The room that doesn’t want to be a room
This is our third 15 yard dumpster from The Pink Dumpster. We filled this one mostly with drywall from the kitchen and the back bedroom. We’re in the process of removing the back room because, as Alexis pointed out, it doesn’t want to be a room. Perhaps the greater reason is a matter of safety.
The back room, or second bedroom, wasn’t added on very well. As a result, the roof has started to fail and is taking the original roof with it. Around the time that we decided to remove the back room, I noticed that the rafters of the original roof are stressed to cracking. They are only 2×4 (actual 2 inches by 4 inches) to begin with, and they are on 24-inch centers. The weight of the add-on roof, focused on where the ridge beam ties into the old roof, has cracked at least 3 rafters. Kinda scary.
So, to remove the room from the house, we have to unbuild it. That is, we undo the last thing that was done when it was added, which was probably the drywall. I guess technically that was the trim and paint. The trim came off when we pulled up the carpet and the particle board subfloor. The subfloor was nailed directly to the wood floor with about a million nails. Thankfully, the wood floor in the back room is just cheap pine that we’ll probably just throw away. Next, we’ll brace up the original roof and sister 2×6, or possibly angle iron, to the original rafters. By doing this, the roof won’t cave in when we’re walking around up there tearing off the add-on roof.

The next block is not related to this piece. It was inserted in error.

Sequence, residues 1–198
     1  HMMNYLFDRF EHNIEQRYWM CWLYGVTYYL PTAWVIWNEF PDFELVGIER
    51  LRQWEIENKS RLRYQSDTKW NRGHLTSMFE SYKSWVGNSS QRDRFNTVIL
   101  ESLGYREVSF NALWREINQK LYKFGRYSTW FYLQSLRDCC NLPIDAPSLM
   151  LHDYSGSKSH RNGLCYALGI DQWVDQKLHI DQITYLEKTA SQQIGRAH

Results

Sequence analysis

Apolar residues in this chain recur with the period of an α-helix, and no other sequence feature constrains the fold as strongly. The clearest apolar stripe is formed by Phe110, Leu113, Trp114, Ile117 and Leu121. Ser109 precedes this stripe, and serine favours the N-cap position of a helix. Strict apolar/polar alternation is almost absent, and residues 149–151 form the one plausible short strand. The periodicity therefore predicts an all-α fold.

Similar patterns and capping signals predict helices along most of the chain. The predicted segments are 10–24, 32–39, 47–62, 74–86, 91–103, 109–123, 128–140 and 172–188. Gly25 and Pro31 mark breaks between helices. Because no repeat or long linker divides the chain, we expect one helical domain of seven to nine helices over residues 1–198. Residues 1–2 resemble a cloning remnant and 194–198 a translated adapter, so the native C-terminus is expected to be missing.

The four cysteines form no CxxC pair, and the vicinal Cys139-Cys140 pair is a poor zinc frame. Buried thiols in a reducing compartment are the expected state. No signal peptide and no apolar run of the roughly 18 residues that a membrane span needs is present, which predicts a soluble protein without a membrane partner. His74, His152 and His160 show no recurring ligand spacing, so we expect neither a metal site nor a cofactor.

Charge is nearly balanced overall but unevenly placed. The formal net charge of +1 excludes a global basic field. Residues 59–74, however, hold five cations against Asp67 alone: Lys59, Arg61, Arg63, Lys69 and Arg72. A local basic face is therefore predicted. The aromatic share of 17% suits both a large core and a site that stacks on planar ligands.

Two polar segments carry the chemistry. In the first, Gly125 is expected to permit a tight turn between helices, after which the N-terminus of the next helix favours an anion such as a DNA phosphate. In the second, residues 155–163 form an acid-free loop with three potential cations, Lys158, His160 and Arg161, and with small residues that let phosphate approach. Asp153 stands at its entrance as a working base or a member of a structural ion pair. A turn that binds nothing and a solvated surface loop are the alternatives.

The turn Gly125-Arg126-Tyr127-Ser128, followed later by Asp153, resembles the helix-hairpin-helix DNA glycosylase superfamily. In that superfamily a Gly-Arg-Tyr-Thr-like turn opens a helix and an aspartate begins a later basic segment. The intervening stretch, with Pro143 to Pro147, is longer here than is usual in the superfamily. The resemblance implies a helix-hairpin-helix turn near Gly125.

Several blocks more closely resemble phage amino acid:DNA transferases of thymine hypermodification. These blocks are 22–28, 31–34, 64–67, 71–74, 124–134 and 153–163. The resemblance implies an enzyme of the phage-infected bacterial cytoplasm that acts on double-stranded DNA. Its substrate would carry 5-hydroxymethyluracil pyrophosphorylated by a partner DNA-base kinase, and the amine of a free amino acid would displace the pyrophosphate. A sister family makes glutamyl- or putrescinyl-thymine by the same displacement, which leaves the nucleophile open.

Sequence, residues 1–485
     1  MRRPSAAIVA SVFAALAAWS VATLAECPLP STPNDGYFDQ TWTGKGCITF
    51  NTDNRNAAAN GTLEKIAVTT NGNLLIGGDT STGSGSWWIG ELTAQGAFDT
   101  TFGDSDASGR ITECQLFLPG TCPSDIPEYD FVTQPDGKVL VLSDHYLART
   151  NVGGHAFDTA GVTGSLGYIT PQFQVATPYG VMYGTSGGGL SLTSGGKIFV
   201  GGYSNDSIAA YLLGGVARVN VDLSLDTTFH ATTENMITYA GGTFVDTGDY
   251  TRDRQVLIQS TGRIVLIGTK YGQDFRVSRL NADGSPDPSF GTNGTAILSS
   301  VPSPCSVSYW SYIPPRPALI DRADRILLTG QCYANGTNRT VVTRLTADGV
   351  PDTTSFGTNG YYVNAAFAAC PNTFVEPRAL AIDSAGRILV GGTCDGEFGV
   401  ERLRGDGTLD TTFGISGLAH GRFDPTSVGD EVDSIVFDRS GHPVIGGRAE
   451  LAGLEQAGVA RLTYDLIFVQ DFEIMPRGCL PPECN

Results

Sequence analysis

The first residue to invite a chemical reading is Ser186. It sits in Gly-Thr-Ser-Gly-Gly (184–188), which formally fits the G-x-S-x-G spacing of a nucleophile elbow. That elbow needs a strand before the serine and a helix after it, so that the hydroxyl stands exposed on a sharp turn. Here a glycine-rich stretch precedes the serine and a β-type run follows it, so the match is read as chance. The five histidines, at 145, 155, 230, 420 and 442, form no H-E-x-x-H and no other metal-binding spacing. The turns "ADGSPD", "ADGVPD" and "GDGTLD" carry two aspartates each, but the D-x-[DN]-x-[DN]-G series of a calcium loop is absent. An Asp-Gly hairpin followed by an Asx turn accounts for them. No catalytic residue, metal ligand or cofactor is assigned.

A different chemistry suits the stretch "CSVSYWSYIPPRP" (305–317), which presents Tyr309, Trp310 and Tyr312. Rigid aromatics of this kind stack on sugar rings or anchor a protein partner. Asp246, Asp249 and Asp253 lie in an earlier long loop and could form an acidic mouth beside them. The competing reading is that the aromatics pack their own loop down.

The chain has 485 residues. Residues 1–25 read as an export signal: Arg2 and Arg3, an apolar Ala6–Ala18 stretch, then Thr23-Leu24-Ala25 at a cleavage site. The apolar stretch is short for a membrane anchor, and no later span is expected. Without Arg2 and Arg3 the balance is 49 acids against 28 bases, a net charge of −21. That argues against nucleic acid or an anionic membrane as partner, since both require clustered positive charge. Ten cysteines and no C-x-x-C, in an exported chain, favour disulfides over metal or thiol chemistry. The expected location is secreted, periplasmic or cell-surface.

Then there’s the kitchen
The aforementioned is really just the first steps toward repairing and remodeling the kitchen. We still have a long way to go before we can really do much with the kitchen, but while we have the 15 yard dumpster, we went ahead and pulled the sheetrock off the walls and ceiling. That added up to quite a bit of sheetrock and did a pretty good job of filling the dumpster. Now we can really see what needs to be done with the kitchen walls and the original 10-foot ceiling. We still haven’t been able to figure out why anyone would want to cover their 10-foot ceilings with 8-foot ceilings and horrible flush-mount can lights. Whatever the reason, we have removed the 8-foot ceiling and exposed the beautiful tongue and groove ceiling. We still have to pull down the joists, but we’re keeping those, not throwing them in the dumpster.
By pulling down the sheetrock on the wall, we can see where there were termites or ants in the walls between the tongue and groove wooden wall and the stupid sheetrock. The walls are going to need some work. There’s water and/or termite damage in the corners where there was never any paint. There’s some water damage at the top of the back wall where the laundry room was poorly added on and wasn’t sealed properly.There’s a big square hole in the south wall where someone cut out the wall for a window unit a/c… next to the windows. We should be able to salvage enough material from the lower part of the wall where the sink will go to repair the damaged areas.
The kitchen will get its own, long post. It’s kinda where the whole thing started.
This, then this, then that, and finally…
Before any of the kitchen repairs can be done, we have to raise the north wall and replace the beam that is rotten almost through. But before we raise the wall and replace the beam, we need to remove the back room and its roof. And before we remove the back room and its roof, we need to repair the roof over the kitchen. Jeez. We’ll get it figured out eventually.